Edgworth pupils go back in time to World War One

Edgworth pupils go back in time to World War One

Tom Jenkenson, aged 10, dressed as a British soldier.

Heather Newman, aged 11, and Aneurin Walsh, aged 10, as German officers.

Josh Balshaw and Marco Melia, both aged 11, and Jake Green, aged 10, took part in a game of football, like troops from both sides involved in the war at Christmas 1914

First published in News The Bolton News: Photograph of the Author by , education reporter

YOUNG historians embarked on a poignant journey to commemorate the 100th anniversary of the outbreak of World War One.

Pupils at Turton and Edgworth CE and Methodist Primary School have been exploring the legacy of the war on their village.

They examined historical documents such as letters, diaries, photos, newspaper articles and memorabilia loaned to them by locals to understand why the war started, life on the front line, the weapons and technology used, life on the home front and the contribution women made to the war effort.

They found out how the war affected individuals and families living in the village at the time, visiting war memorials and church graveyards.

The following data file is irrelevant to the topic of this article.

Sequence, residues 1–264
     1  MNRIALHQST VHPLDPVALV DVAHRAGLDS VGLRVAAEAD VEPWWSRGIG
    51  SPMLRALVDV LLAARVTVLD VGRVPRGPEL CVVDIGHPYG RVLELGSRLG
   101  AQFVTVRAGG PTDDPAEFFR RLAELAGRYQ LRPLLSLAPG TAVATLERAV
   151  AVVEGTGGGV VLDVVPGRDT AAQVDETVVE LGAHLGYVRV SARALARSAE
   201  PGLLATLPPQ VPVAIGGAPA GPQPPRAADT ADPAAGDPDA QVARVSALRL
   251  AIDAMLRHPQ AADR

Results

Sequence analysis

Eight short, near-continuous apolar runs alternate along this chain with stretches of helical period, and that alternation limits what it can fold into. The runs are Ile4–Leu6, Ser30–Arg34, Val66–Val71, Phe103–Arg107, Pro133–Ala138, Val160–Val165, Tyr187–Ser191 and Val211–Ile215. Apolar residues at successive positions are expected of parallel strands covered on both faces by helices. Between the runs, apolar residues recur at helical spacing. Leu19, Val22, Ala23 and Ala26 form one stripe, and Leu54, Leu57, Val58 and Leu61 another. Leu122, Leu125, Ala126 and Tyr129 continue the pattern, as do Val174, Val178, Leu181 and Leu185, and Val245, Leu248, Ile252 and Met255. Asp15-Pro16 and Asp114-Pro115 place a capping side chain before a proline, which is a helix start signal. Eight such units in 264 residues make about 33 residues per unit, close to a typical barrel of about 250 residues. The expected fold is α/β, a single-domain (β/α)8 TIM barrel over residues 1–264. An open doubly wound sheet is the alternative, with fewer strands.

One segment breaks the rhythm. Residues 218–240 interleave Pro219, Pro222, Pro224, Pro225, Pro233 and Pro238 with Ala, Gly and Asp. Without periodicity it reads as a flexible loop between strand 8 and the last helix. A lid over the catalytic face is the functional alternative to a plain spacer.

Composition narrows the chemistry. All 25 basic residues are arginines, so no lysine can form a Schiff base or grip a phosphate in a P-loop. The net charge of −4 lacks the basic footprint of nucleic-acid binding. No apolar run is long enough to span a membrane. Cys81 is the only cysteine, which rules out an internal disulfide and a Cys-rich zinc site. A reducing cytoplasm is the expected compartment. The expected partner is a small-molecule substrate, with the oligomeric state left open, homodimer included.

Governor Sandra Glancy said: “They have also been helped and supported by villagers committed to the commemoration project — some of whom have gone into school to talk to them about the numerous remembrance events taking place, and the nature of the extensive local research being undertaken.

“The researchers have kindly shared the fruits of their labour and Years Five and Six have benefited from making use of the emerging biographies of many of the 300 or so local combatants.”

Highlight of their research included inviting villagers into school to experience life in wartime Turton and Edgworth when the pupils staged a production dramatising the effect the war had in the community, and on individuals and families.

They performed drama and dance pieces, sang songs, showing photos and reading extracts from soldiers’ letters.

And during the interval, the refreshments were “maconchie’s” stew and Anzac biscuits, which would have been served during the era.

Mrs Glancy said: “The commemoration project in Turton and Edgworth is much more than the remembrance of a distant event. It has taken on a momentum of its own.

"It is nurturing a unique and very special community spirit, and looks set to run for the next four years — the duration of the war.”

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